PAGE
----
It’s a great story, but the show’s most glittering treasure is its music. There are folk tunes, love songs, impassioned ballads, comedy numbers, patter songs, soaring melodies, complex harmonies and splendid polyphony, all with a sprinkle of Irish jig around the edges. The inherent power and attraction of the score is helped in no small measure by a superbly assured delivery of the most difficult, and gorgeous, music by Jennifer Harding who excels in the central role of Constance. This is an engaging, absorbing, fantastical musical, radiant with possibility and truth. It’s confronting in parts and heartbreaking in others. And it is full of magical moments.
Spindlewood, like most towns of age, has its traditions. But no practice, custom or Old Wives Warning is so firmly adhered to as ‘The Turning of the Key’. Every year, on the last night of winter, as the first day of spring unfolds, the townsfolk gather to take part in a strange ritual. They meet in the centre of the town square, where a statue … Read more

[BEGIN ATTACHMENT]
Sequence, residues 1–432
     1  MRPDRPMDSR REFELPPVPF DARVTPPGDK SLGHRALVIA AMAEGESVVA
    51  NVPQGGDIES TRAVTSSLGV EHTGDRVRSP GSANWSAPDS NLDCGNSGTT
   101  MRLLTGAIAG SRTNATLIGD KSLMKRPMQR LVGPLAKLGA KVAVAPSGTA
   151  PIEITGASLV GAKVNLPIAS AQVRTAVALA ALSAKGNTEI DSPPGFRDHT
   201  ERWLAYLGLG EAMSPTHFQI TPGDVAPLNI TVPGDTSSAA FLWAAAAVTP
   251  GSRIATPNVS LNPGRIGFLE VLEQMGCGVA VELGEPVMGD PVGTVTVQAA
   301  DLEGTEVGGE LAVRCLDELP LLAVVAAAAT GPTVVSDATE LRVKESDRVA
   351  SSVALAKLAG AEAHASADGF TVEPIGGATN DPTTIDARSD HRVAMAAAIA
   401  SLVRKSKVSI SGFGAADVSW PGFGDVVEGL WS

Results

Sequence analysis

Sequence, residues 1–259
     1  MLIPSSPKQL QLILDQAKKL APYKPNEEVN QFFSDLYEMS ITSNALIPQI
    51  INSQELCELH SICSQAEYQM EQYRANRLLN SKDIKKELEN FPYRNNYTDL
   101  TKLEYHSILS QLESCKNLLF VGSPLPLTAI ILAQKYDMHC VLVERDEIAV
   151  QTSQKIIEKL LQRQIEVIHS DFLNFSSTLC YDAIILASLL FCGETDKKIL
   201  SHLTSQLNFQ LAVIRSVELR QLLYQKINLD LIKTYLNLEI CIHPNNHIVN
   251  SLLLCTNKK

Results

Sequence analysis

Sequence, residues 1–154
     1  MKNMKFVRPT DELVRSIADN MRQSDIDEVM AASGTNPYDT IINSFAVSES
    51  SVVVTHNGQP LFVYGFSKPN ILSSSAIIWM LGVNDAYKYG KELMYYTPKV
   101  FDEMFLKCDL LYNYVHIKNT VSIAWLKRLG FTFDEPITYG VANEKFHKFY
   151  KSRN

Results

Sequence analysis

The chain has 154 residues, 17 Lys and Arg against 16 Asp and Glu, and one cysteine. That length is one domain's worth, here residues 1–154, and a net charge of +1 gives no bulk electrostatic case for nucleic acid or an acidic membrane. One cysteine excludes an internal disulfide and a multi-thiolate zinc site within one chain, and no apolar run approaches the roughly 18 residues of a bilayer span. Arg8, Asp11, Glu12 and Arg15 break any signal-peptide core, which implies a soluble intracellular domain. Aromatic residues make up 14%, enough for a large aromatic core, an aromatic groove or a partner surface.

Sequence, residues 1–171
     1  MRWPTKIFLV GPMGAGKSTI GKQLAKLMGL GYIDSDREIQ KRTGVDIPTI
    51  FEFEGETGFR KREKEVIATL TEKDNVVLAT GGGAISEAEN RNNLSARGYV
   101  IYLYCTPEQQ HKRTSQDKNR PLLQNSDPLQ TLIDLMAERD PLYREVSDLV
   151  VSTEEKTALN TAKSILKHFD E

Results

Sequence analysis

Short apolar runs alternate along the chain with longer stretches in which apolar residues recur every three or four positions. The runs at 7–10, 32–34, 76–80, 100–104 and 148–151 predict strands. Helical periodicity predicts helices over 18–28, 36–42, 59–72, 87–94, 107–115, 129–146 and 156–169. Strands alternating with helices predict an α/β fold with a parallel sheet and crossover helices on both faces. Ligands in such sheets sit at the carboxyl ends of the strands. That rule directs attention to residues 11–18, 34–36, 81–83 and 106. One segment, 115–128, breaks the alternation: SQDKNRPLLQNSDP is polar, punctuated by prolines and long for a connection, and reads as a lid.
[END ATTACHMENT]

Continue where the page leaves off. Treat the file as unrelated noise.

McWhir understands the limitations of the Landor intimately and is especially skilled at making the most of those limitations. This production of She Loves Me demonstrates his understanding and ability clearly and deftly. There is excellent musical direction from Iain Vince-Gatt who controls the musical side of proceedings from a keyboard. The stand-out performance here comes from Joshua LeClair, whose Arpad is effervescent, energised, and totally convincing throughout.
Like the Union Theatre, the Landor continues to bring new or largely overlooked musicals to London as well as encouraging and developing the skills of freshly graduated musical theatre talent. If you don’t know Damn Yankees, or even if you do, pop into the Landor to catch this – there is a lot to admire.